The presidential aspirations of some Republicans may be all but over by the time the sun sets today in Ames, Iowa, after a closely watched straw poll tests their popularity and organizational ability.
The winnowing of the field feels more like a carnival than a cutthroat political contest, with the smells of barbeque and the sounds of country music filling the grounds of the venue at Iowa State University.
Yet if the tradition of the Iowa Straw Poll holds, the revelry will end with loss of political and fundraising support for candidates who don’t show momentum or meet expectations. Results will be announced after polls close at 4 p.m. local time. The candidates and their surrogates will then try to spin the results in their favor.
“Come on out to our tent,” Representative Michele Bachmann of Minnesota told supporters and curiosity seekers yesterday at the Iowa State Fair. “We want you there because tomorrow is the day we make the down-payment on taking the country back.”
Much of the final campaigning took place at the fair. The traditional stop for White House contenders also drew a non- candidate with the potential to upend the race: Sarah Palin was mobbed as she slowly worked her way through the grounds after arriving in Des Moines on her periodic “One Nation” bus tour.
The former Alaska governor was noncommittal about whether she intends to join the presidential race, saying she intends to make a decision by the early fall.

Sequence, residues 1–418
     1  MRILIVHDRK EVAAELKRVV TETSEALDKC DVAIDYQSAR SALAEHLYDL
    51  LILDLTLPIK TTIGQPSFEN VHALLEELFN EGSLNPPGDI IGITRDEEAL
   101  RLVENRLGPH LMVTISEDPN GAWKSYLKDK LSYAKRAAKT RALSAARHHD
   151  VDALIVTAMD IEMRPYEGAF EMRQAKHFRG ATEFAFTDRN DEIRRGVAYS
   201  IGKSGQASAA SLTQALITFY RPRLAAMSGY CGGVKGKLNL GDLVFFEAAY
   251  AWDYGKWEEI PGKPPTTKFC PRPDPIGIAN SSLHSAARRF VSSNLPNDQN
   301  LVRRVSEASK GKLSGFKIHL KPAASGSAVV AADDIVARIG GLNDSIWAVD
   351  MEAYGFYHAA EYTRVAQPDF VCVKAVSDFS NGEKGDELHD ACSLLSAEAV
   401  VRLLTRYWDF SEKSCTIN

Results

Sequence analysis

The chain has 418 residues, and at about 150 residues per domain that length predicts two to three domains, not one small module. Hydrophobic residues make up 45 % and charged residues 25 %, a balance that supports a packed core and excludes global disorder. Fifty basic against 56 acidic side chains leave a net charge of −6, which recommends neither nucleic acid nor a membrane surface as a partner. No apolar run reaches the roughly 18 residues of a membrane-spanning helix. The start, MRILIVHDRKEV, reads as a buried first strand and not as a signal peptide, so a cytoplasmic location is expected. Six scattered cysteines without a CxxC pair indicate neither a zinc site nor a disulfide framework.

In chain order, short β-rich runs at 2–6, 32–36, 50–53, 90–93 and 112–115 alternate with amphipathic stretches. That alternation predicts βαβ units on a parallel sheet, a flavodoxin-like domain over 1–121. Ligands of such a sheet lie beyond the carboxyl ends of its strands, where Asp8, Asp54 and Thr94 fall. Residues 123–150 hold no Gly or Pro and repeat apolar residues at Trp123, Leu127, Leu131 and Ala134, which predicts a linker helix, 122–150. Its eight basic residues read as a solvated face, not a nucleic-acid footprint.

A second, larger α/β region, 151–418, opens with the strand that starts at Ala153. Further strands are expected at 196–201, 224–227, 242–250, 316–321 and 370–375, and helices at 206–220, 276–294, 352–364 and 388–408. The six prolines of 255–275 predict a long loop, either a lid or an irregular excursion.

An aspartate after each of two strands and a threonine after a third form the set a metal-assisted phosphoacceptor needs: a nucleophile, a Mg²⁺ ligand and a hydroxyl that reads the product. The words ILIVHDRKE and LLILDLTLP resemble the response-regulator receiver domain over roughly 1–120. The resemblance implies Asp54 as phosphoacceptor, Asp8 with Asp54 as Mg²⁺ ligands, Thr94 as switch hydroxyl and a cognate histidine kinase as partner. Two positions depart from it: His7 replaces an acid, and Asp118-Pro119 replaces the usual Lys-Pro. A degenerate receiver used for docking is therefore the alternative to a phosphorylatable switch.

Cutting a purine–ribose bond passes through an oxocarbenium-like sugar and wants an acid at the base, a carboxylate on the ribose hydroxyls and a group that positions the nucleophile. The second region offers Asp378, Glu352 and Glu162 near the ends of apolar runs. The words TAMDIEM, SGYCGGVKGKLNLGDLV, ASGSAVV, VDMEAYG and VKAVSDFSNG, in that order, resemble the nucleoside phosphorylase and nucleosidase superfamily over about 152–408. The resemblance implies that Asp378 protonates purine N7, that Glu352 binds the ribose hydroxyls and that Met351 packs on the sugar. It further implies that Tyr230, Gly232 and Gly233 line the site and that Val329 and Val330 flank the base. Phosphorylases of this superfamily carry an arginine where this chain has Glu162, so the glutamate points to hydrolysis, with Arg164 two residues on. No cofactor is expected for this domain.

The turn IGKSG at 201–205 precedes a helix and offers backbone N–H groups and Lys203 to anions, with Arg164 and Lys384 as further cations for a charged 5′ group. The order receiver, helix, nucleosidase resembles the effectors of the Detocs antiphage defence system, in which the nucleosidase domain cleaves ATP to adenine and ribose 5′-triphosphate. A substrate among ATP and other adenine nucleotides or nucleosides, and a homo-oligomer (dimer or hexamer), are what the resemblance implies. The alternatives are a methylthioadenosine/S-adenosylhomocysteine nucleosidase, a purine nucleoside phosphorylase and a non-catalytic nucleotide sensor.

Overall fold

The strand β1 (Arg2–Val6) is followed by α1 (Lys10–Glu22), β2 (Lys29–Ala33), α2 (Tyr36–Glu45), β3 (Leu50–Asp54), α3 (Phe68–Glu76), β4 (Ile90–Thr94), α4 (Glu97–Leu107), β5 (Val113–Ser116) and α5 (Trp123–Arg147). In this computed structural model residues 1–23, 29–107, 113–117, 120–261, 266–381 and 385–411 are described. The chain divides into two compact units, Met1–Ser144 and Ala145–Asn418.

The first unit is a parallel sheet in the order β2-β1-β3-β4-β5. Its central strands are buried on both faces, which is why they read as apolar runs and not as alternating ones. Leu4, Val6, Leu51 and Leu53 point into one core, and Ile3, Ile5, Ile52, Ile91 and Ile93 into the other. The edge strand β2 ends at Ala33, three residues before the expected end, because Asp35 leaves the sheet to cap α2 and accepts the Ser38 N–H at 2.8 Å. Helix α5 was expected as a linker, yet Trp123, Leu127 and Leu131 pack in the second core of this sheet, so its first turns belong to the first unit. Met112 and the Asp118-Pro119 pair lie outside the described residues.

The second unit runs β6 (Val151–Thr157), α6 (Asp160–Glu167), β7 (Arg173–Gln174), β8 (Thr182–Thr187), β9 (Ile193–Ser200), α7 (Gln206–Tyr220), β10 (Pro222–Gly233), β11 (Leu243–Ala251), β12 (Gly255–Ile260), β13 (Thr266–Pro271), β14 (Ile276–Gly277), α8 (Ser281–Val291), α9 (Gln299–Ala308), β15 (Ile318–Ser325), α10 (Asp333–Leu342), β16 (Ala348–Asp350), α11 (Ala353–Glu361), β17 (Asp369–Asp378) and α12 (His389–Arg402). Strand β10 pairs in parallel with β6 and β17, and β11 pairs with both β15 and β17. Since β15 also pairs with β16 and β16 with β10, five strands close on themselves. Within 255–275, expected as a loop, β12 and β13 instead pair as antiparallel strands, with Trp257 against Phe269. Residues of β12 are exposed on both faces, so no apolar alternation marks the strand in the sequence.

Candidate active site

‘More the Merrier’
“I think the more the merrier, the more the better in these debates and out there in the arena,” said Palin, 47. “It’s better for voters to have more choices.”
Asked if she would visit the straw poll venue, the 2008 Republican vice presidential nominee said no.
“I don’t want to step on anybody’s toes,” Palin said. “So we won’t be in the state tomorrow.”
The star treatment given Palin, who was trailed by the news media and supporters, offered a reminder of the unsettled nature of the Republican primary field. While some contenders have been campaigning for months, Texas Governor Rick Perry is scheduled to announce his candidacy today in South Carolina.
At past straw polls, many Iowa Republicans didn’t actually listen to speeches by presidential candidates inside an Iowa State University’s basketball arena.
This year, with a wide-open Republican field vying to challenge President Barack Obama in 2012, there is a sense that the undecided may base their votes on something other than who offers the best food or musical act at the gathering.
“There are a number of Iowa Republicans I’ve talked to at events that say they’re actually going to listen to the speeches before they decide,” said Matt Strawn, chairman of the Republican Party of Iowa.
“It’s pretty volatile,” said Steve Scheffler, a Republican National Committee member from Iowa who so far is neutral in the presidential race. “I’ve never seen it this unsettled -- ever.”
Bob Haus, a Republican strategist in Iowa and a straw poll organizer, also predicted a high number of undecided voters. He pointed to the importance of a well-received speech in 2007 by former Arkansas Governor Mike Huckabee, who came from relative obscurity to finish second in the pol.
“He converted a fair chunk of people with his speech that day,” Haus said.
Huckabee, now a Fox News commentator, will be part of the spectacle again this year, playing his bass guitar at the straw poll tents of former Pennsylvania Senator Rick Santorum, former Minnesota Governor Tim Pawlenty and former Godfather’s Pizza Inc. executive Herman Cain.